It is remarkable how many people take offense if they are called unscientific! In hindsight though, it is not surprising. These people see themselves as successful engineers, doctors (and sometimes even scientists!), and in general people who take a rational attitude toward life. All this that they have done is surely ‘scientific’. So how dare can I say that this one action of theirs makes them unscientific?! Again, the explanation is psychological. People don’t like to be told they are unscientific. This is because of the aforementioned reasons; they are using the benefits of technology in their life, technology, which they don’t deny, is based on scientific principles, and suddenly there comes along some upstart who says that because they believe in God or astrology, they are unscientific; it hurts their ego. Maybe I should rephrase my statement to make it more precise. I should say ‘These people are unscientific when it comes to God, religion and astrology’ (I should make MY statement sound as scientific as possible!). I doubt whether people will accept even this cheerfully…(I suspect that their way out will be to say, ‘You cannot talk about a scientific attitude when it comes to God). This is also the reason why there is a science-religion rift in the first place. Religious people frequently see scientists (‘scientists’ here is used in the broadest sense of the term; I would include people like doctors and engineers among them) as self-aggrandizing know-alls who prophetically claim to have the answers to everything. In no small part due to the publicity by the press, many scientists are seen as ‘singular lights of rationality in a world full of darkness’ (something which they themselves don't claim to be). Now, if these people study even the most elementary of scientific knowledge in a critical manner, they will know that this is far from the truth. However, it is true that science and technology has provided us with explanations of many natural phenomena, as well as material comforts, to an unprecedented extent. In so far as that is concerned, scientists and scientific practitioners have a significant amount of knowledge about the world and they can use it to great results, good as well as evil. I think that because of this, many deeply religious people are caught between a rock and hard place. On one hand, they don’t want to adopt a scientific attitude toward everything in their life, and want to believe in some things on the basis of faith alone. On the other hand, they know that scientific knowledge is certainly not nonsense, and scientists may not wield power but they certainly contribute towards a deep understanding of the world and the well being of humanity. Many of them surprisingly also understand fully, that faith is not compatible with the scientific method in general. However, they don’t want to appear ‘selectively and conveniently scientific’, as this may lead to them being called hypocrites by many. The effect of such a situation is to make many religious people somewhat embittered against scientists. I don’t hesitate to say that to some extent, it is a situation similar to that of the fox and the sour grapes…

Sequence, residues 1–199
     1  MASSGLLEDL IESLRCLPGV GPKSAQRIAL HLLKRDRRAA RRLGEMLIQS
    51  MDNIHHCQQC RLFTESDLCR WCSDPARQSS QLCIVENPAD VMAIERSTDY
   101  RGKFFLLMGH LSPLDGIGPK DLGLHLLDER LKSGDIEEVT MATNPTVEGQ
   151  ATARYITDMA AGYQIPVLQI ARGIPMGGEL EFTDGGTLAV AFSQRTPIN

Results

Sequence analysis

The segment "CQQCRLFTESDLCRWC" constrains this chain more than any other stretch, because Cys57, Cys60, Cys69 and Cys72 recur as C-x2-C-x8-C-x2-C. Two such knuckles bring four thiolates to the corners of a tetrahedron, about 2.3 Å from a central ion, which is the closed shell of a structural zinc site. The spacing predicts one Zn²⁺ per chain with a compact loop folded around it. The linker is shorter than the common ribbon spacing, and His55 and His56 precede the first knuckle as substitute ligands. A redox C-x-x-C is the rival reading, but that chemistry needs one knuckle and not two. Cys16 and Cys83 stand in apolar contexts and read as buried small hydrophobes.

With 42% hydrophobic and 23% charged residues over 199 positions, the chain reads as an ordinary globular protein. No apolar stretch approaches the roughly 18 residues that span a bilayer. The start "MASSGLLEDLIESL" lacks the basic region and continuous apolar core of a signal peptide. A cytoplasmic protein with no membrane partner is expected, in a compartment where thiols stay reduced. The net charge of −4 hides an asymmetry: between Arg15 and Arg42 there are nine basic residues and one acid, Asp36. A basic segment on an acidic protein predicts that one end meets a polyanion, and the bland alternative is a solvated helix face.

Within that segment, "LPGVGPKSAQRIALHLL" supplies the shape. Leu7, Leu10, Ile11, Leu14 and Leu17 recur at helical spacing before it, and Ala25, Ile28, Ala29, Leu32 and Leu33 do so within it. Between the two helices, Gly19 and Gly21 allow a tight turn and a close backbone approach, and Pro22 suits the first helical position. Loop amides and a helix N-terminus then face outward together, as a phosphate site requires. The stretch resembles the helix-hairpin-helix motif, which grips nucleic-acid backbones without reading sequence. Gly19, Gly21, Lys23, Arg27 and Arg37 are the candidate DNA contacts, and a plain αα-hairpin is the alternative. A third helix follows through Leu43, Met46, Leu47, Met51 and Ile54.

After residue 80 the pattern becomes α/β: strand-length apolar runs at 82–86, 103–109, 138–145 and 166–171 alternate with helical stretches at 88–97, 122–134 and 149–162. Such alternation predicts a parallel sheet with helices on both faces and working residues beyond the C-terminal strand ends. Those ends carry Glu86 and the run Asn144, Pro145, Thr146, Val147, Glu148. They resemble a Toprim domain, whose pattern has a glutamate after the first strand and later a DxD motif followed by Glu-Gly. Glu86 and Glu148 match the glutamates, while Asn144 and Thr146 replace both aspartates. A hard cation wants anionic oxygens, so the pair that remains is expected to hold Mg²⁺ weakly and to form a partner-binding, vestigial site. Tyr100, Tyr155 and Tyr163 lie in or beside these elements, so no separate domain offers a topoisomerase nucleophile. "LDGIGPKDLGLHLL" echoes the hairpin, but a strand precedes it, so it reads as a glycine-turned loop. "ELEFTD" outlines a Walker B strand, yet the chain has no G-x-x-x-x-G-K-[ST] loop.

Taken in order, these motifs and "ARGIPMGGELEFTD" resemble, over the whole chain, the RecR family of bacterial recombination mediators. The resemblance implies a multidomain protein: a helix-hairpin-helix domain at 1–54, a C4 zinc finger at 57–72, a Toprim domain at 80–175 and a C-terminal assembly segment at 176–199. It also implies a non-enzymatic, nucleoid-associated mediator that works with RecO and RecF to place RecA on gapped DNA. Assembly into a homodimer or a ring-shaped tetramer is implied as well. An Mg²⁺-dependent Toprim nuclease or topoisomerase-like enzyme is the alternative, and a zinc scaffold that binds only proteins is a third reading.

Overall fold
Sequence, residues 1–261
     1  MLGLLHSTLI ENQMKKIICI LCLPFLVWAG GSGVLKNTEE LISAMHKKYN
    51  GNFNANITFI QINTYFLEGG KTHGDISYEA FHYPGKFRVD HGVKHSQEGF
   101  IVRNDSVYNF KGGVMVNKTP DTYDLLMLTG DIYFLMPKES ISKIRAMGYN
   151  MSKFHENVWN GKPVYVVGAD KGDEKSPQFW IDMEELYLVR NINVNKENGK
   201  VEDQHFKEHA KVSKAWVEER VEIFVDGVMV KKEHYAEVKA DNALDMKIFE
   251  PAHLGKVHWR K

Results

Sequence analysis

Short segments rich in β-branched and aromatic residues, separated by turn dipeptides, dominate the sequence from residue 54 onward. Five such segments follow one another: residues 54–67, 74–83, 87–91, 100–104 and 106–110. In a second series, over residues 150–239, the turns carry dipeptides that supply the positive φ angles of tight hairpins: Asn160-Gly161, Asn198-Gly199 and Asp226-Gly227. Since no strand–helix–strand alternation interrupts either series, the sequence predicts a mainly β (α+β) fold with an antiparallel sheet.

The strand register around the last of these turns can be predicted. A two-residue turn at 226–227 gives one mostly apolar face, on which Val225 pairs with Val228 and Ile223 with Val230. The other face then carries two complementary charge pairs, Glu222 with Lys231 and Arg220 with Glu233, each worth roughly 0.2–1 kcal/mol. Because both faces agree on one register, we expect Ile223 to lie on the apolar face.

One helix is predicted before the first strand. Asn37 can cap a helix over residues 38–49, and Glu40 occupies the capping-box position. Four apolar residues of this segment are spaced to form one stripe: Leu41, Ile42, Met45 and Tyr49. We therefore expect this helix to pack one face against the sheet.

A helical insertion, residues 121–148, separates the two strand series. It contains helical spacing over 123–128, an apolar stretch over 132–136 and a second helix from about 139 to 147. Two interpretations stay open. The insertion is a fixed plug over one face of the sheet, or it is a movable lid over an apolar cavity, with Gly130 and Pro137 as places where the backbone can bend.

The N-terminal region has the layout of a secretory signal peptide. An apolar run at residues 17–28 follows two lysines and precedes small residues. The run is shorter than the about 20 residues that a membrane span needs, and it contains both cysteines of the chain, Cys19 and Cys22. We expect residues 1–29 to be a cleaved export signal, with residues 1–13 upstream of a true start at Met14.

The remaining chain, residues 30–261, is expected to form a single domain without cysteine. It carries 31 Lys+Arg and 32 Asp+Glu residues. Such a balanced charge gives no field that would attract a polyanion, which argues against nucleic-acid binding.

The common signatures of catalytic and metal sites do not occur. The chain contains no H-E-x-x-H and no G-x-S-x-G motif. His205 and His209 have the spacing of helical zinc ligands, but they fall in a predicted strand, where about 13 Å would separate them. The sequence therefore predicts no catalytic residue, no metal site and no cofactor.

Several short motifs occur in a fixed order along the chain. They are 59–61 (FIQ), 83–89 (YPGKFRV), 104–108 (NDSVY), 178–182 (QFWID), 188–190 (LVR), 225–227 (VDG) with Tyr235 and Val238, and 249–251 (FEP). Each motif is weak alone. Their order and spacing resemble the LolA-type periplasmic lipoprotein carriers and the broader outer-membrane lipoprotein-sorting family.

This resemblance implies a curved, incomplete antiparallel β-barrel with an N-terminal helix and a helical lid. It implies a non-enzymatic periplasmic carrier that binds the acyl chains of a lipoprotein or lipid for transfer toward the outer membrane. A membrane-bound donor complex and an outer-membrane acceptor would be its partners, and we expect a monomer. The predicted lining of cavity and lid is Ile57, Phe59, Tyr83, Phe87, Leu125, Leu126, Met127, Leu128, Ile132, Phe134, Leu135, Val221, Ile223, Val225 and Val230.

All this time, I have tried to put forth the situation as I see it, from the religious point of view. Now let me try to make a case for scientists (or scientific thinkers). First of all, it is almost a triviality to say that even they need emotional and spiritual support in their lives; we are all bound by this common yearning, which is unique to us as human beings.
Coming to the first point, the psychological argument is, I think well-taken. But the important question is, what do we really want from life? Do we want to be happy and live in ignorance, or do we want to face the bitter truth? If the goal is the first one, then I don’t think there is any contradiction in a scientist who invokes God before conducting an experiment, in the hope that God will make his experiment go right. He wants to be happy and this act makes him so. Once this stance of being happy is taken, it can essentially accommodate almost everything. In this case, even if the experiment produces wrong or discouraging results, the scientist can convince himself that had he not prayed to God before, it would have been much worse! The point is, if we want to be happy, then there is not much use in thinking about whether a particular action is rational, irrational, scientific or non-scientific. But is this attitude really keeping in tune with morality? Many times it is clearly not. For example, a man can be happy because he hears voices in his head (which he assumes is God speaking) that tell him to go and murder someone. He is happy to do that because he ardently believes in something. Does this make sense?
My point is, that it is better to face the bitter truth than live in ignorance.